THE government has continued to further improve the environment to accommodate more residents relocating from Ngorongoro Conservation Area (NCA) in Arusha to Msomera in Tanga Region.
It also emphasised the importance of Civil Society Organisations (CSOs) to seek accurate information when giving their opinion on the matter.
According to the Ngorongoro Conservation Area Authority (NCAA) Conservation Commissioner, Dr Freddy Manongi, the government efforts to put in place attractive environment in Msomera has seen increasing demand for people to voluntarily relocate.
“People living within Ngorongoro Conservation Area are increasingly demanding to voluntarily shift to Msomera Village in Tanga due to availability of necessary services and opportunities in the new locality,” he said.
He said yesterday during a virtual symposium that the government has continued to make improvement of infrastructure and other social services crucial for people to settle in Msomera.
From the beginning, the government has said the exercise is voluntary and procedures have been put in place.
“People who are voluntarily ready to shift in the coming batch will register … but in this batch we will allow them to go to places they feel are suitable for them outside the Ngorongoro Conservation Area,” Dr Manongi unveiled.
Adding: “We will do our best when people register to shift, to understand where they want to go and make good arrangements for them to be hosted”.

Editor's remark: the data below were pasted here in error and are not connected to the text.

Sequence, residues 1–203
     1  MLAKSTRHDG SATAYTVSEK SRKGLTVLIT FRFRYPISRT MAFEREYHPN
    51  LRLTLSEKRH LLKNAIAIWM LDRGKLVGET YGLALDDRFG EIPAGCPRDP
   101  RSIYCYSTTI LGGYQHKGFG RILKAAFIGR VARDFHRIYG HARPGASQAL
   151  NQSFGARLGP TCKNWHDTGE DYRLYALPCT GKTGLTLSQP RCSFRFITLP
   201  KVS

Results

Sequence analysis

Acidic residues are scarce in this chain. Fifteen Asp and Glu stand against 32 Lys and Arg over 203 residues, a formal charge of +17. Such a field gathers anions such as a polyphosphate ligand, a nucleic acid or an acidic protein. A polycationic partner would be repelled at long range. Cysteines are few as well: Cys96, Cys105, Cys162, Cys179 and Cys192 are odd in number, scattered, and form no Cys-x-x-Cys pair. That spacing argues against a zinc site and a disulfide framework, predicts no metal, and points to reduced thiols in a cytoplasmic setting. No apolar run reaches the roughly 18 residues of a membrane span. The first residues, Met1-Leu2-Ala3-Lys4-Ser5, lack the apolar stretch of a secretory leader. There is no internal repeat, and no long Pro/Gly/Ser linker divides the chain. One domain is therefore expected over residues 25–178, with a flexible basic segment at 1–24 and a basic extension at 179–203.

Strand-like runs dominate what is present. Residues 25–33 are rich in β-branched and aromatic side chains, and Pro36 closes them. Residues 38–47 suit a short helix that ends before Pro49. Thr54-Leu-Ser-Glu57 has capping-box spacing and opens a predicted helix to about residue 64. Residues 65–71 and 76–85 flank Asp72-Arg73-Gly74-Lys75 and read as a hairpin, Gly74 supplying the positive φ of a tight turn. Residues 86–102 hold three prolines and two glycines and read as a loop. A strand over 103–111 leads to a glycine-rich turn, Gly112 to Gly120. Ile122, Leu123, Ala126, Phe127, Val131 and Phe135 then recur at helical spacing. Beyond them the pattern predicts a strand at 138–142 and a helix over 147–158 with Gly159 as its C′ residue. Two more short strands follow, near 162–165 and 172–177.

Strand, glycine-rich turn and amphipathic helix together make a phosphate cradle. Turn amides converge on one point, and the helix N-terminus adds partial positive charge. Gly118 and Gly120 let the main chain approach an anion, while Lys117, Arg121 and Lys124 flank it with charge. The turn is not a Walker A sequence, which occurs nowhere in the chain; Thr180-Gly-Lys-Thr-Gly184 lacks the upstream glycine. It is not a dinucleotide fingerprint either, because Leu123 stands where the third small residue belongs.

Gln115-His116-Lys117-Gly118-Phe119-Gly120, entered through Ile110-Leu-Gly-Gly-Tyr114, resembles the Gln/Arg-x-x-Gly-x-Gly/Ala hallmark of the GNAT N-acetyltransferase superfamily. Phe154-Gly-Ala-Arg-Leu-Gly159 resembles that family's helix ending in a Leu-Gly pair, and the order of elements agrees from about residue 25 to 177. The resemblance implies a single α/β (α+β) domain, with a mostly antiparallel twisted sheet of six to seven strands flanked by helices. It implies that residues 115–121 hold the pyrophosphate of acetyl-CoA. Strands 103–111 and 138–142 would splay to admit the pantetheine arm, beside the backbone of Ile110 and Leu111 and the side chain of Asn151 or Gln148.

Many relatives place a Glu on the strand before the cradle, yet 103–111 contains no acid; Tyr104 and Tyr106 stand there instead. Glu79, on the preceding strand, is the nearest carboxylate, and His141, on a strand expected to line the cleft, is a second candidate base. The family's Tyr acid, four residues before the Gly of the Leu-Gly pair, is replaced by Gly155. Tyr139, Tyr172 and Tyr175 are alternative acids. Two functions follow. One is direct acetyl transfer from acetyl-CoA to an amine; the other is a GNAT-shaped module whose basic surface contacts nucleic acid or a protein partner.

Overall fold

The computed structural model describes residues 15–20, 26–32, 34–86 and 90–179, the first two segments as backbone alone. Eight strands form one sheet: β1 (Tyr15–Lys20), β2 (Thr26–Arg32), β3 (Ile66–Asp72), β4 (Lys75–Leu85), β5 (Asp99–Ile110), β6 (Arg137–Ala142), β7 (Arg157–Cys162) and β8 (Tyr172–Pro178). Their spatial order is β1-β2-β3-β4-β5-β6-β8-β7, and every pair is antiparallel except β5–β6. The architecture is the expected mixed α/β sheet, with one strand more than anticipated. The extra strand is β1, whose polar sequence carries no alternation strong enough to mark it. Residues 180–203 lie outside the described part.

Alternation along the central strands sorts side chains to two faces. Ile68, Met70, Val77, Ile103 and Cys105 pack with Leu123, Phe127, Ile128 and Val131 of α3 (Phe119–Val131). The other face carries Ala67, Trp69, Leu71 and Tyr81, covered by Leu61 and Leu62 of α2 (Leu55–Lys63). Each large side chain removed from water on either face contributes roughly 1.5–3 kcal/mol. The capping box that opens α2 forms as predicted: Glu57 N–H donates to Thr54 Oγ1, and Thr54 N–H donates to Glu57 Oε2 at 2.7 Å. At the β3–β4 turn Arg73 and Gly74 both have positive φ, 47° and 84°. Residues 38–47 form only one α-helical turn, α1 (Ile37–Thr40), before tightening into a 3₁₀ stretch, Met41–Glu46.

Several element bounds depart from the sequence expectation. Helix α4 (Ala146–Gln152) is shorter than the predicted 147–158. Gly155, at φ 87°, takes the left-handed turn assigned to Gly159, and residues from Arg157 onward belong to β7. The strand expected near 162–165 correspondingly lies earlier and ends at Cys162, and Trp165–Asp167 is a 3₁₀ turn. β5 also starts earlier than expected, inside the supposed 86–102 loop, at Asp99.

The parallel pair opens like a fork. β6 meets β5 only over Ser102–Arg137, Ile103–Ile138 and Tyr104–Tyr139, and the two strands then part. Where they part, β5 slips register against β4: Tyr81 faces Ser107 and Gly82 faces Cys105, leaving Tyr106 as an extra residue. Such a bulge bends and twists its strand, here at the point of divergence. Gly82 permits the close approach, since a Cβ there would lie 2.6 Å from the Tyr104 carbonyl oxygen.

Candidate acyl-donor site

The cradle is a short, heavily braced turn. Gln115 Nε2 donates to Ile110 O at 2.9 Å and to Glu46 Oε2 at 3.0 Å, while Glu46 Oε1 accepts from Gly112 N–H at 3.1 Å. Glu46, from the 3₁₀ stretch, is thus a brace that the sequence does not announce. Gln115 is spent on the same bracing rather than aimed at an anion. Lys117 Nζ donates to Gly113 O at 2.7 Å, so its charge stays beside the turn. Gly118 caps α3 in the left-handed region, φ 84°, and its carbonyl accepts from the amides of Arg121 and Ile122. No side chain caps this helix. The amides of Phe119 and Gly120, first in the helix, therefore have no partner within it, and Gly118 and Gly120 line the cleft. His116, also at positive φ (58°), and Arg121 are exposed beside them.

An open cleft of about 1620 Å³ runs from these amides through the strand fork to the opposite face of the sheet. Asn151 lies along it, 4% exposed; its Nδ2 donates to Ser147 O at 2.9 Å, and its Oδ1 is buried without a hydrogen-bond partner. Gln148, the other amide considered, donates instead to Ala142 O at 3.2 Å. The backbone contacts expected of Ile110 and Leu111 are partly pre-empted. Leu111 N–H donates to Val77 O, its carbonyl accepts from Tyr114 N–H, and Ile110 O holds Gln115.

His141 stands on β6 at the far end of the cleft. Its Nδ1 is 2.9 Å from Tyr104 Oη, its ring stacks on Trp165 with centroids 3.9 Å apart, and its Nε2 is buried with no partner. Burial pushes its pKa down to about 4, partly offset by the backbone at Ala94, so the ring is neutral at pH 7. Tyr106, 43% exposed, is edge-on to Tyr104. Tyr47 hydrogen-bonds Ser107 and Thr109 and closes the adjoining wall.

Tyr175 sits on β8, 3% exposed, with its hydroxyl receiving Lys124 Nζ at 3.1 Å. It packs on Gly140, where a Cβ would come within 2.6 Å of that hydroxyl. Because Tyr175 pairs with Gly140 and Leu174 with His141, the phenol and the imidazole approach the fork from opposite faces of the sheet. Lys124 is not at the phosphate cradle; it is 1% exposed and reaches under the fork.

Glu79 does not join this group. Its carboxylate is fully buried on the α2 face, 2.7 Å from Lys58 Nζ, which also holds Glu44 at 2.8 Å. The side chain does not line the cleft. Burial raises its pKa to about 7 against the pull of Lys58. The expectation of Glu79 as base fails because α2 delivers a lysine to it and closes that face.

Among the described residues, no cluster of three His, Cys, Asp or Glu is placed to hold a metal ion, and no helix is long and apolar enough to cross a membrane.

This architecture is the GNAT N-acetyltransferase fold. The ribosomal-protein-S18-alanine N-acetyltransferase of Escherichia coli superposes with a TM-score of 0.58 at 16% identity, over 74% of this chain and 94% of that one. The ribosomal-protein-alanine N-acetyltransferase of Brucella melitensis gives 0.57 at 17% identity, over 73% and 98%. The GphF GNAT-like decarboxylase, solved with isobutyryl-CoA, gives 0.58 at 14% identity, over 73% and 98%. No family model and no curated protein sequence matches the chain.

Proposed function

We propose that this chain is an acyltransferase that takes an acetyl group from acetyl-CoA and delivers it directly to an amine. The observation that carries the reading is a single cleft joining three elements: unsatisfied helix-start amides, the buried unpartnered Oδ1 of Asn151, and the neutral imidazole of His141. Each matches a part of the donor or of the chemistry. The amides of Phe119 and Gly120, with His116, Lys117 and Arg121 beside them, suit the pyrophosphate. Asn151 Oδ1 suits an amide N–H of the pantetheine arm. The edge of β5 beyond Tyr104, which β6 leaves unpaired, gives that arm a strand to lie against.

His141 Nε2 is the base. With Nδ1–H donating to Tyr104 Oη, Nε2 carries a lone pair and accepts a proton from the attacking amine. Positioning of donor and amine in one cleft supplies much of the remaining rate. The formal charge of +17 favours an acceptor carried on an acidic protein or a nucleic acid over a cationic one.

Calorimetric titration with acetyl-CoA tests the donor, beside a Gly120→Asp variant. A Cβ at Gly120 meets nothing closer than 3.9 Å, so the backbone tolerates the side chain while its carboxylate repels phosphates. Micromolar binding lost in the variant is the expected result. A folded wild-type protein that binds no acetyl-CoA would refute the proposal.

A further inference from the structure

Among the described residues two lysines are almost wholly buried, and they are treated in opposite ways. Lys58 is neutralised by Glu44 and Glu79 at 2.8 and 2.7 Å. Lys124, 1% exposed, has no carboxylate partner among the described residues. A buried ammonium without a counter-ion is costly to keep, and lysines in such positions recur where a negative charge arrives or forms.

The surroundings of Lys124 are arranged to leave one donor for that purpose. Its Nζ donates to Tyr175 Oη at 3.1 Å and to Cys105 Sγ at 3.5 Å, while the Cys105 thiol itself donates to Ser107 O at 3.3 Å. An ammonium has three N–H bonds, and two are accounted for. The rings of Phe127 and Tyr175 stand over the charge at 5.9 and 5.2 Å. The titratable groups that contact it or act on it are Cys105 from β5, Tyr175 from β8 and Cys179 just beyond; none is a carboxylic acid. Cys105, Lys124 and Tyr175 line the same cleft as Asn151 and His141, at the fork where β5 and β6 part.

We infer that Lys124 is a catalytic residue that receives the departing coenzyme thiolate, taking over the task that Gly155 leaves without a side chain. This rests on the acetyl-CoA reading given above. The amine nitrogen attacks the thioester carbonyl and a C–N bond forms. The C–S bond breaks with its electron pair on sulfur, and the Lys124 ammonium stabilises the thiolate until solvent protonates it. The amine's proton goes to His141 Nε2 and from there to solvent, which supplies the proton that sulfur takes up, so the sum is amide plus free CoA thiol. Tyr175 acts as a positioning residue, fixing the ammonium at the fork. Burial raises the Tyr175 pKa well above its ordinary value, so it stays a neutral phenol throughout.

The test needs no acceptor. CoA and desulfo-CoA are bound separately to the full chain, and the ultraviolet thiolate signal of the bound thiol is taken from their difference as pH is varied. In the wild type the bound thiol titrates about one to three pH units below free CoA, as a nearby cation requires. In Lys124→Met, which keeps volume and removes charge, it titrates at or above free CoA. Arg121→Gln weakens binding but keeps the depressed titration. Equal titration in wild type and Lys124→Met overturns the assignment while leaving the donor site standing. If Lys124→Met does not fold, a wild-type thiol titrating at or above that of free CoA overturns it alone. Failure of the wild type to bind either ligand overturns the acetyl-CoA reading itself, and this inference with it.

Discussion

He further said the government will be vigilant to ensure it will not move the Ngorongoro challenges to other areas.
Dr Manongi also encouraged people who are still within the conservation area to take advantage of the opportunity by continuing to register, while insisting that the evaluation of their properties will be done fairly.
Dr Manongi highlighted the reasons for relocation of people in Ngorongoro, including humanitarian and conservation matters.
He said the government has good intention to improve the lives of people in Ngorongoro with important services such as access to education, water, good roads, health services, electricity, communication and houses among others.
Commenting, Deputy Permanent Representative in the United Nations- Geneva, Switzerland Ambassador Hoyce Temu said the relocation exercise is in line with the 2030 Agenda for Sustainable Development, adopted by all United Nations Member States in 2015 and provides a shared blueprint for peace and prosperity for people and the planet, now and into the future.
The envoy urged CSOs operating in the country to seek accurate information when giving their opinion about the resettlement exercise of people living in NCA to avoid bias reporting.
For his part, the representative of the United Nations Educational, Scientific and Cultural Organisation (UNESCO) in Tanzania, Prof Hamis Malebo noted that Tanzania ratified the UNESCO 1972 Convention concerning the Protection of the World Cultural and Natural Heritage in 1977.
Adding: “Currently, the country has seven properties inscribed on the UNESCO World Heritage list, including NCA. Others are Kondoa Rock-Art Sites (2006) Ruins of Kilwa Kisiwani and Ruins of Songo Mnara (1981).
He also said in the convention there are sections which are placed to protect people while saying the Ngorongoro area is characterised by various diseases caused by interaction between animals and human beings such as Trachoma, Amoeba and Brucellosis among others.